England’s plan to place Silverwood in full control of the Test side has failed – the head coach is out of his depth and cannot be allowed to continue
As the knives point towards Chris Silverwood after England succumbed to a dismissal Ashes defeat following just 12 days of play across three Tests, it is probably worth reflecting how he ended up in charge of men’s team in the first place.
As he stumbled through platitudes after Australia had made it 3-0 with a humiliating innings and 14-run victory at the Melbourne Cricket Ground, he looked a man woefully out of his depth. But Silverwood was there on merit.
His appointment at the end of the 2019 summer, having worked as the bowling coach and assistant to Trevor Bayliss for the previous 18 months, was with a view to shoring up the Test side. A task thought to be well within his capabilities given how he transformed Essex to a dominant four-day side, leading them to promotion and then the County Championship title in 2017 for the first time in 25 years.
Over two years later, it’s clear that has not worked. Across Silverwood’s 27 Tests, there have been 12 defeats, of which nine have come in 2021 – the joint worst for any team in history. All the talk of building a robust side with a clear vision have shown themselves to be false. The notion he might be the antidote to England’s struggles in the longest format well and truly skewered in devastating fashion.
That Silverwood was appointed as the sole selector back in April, a reshuffle that ousted the existing national selector Ed Smith, has made him a bigger target. But it’s his misgivings as coach that will ultimately seal his fate.
Any sadness at how this had panned out centres around Silverwood as a person. He is affable and well-meaning. Much like his predecessor Bayliss, he is an arm-around-the-shoulder type, rarely getting out the hairdryer. Apart from in Adelaide after the second Test when he read the team extracts from the riot act. And that, really, has been the biggest problem of all.
When Bayliss was the good cop, Silverwood was more or less the same as his general, albeit with a greater presence, particularly with the bowlers. As such, his popularity with the players has never been questioned. Indeed, many still vouch for him. But his personal touch has arguably been to a fault given how many established batters have been allowed to fester and not perform to acceptable standards, beyond captain Joe Root.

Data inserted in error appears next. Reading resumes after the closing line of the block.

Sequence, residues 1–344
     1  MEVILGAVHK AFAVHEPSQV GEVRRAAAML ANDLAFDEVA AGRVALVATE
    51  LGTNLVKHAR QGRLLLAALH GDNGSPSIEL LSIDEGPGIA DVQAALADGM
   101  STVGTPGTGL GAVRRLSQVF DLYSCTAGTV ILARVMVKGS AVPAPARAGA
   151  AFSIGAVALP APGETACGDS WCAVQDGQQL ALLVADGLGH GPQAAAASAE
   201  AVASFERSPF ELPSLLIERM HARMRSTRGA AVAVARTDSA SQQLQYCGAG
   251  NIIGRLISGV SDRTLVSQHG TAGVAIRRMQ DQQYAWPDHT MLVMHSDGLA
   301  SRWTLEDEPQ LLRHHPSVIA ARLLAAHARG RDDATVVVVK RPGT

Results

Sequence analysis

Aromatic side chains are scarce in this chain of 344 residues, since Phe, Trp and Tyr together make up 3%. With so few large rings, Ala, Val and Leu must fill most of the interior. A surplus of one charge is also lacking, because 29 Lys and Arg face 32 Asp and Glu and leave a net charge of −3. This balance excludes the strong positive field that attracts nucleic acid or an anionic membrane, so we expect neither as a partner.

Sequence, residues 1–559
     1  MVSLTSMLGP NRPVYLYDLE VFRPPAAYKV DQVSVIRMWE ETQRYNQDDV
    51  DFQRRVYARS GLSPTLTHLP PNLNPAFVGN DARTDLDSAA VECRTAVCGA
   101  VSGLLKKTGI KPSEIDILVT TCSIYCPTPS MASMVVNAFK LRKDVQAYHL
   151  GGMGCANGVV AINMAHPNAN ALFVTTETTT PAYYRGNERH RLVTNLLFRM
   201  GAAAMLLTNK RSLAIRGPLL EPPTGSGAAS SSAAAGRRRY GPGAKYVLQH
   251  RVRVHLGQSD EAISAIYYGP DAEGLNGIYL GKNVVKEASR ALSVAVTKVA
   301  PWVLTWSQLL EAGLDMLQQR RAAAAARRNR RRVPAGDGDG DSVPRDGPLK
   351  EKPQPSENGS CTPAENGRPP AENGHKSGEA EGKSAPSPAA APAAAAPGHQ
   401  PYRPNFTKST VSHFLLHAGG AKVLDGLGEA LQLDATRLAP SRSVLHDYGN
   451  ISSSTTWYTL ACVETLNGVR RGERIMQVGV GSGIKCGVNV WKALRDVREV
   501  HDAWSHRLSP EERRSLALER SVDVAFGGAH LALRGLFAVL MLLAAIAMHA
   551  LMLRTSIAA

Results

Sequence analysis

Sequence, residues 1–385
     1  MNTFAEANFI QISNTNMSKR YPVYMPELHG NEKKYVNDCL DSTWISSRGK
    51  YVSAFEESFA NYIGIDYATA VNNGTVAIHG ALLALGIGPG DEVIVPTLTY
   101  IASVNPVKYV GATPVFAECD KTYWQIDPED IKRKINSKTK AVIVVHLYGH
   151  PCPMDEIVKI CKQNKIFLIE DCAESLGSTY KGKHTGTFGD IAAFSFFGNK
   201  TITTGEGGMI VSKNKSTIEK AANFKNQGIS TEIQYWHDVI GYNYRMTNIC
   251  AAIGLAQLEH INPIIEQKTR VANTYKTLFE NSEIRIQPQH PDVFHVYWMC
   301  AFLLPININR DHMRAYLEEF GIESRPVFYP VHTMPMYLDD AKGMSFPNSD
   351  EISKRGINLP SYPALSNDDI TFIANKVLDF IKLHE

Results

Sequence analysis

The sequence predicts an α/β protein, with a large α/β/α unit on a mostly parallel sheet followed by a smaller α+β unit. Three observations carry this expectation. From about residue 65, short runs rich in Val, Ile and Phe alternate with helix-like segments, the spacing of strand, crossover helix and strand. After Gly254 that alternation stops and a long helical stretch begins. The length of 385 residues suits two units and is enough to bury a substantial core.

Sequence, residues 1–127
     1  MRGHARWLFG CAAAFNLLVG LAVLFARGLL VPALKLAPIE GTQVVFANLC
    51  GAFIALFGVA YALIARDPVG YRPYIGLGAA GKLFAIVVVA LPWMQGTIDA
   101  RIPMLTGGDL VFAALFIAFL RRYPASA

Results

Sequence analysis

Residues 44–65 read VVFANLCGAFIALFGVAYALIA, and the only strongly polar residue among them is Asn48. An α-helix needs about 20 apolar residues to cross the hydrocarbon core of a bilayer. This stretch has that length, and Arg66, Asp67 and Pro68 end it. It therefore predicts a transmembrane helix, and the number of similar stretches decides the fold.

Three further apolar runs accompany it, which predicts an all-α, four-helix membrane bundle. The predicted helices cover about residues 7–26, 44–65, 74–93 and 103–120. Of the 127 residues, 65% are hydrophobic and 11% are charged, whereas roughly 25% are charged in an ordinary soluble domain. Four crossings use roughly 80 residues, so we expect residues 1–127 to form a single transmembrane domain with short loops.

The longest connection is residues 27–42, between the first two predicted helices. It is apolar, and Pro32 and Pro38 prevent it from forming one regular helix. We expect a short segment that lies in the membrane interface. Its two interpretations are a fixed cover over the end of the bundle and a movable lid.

There were clues things would end up this way, even when director of men’s cricket Ashley Giles hailed Silverwood as “the standout candidate”, after he had beaten higher profile names like Gary Kirsten to the role. Giles went on to praise Silverwood’s “intimate understanding of our structures and systems and his close relationships”.
Maybe that is why he has given the Test side too much rope, and why he has kept faith with many of the same cricketers who continue to learn nothing from their mistakes. But having afforded those under him the benefit of the doubt, Silverwood is drowning in it.
His post-match interviews after day three had concluded well before lunch have drawn widespread derision from fans and cricketers past and present. He told BT Sport “there are positives coming out of it” and followed up with a similar message to the written media, just hours after England had been snuffed out for 68. A live-action representation of the “this is fine” meme as the Test side burns down around him.
Taking a step back, it is clear his intention was to not pour more scorn onto an already torched group. And though he knows the end his nigh, he was unwilling to focus on how things might pan out.
“Worrying about myself is at the bottom of the list to be honest,” Silverwood said. “What we have to do is look forward to the next two Tests, stay positive if we can and make sure we are there, we compete and we take something from this tour.”
It could well be that Silverwood’s most important work comes in these final weeks. England must see out the remaining two Tests with dignity. Some will be rounding off their last days as Test cricketers, but it is vital the struggling players with time on their side, such as Haseeb Hameed and Ollie Pope, do not end up as collateral. Silverwood’s personability could go some way to ensuring their scars are kept to a minimum.
Going forward, the whole system needs a refresh. Harsh truths need to be spoken, maybe even a few noses put out of joint. A desperate defeat such as this after two years of “planning” must be followed by strong action. Something which Silverwood has been unable to provide.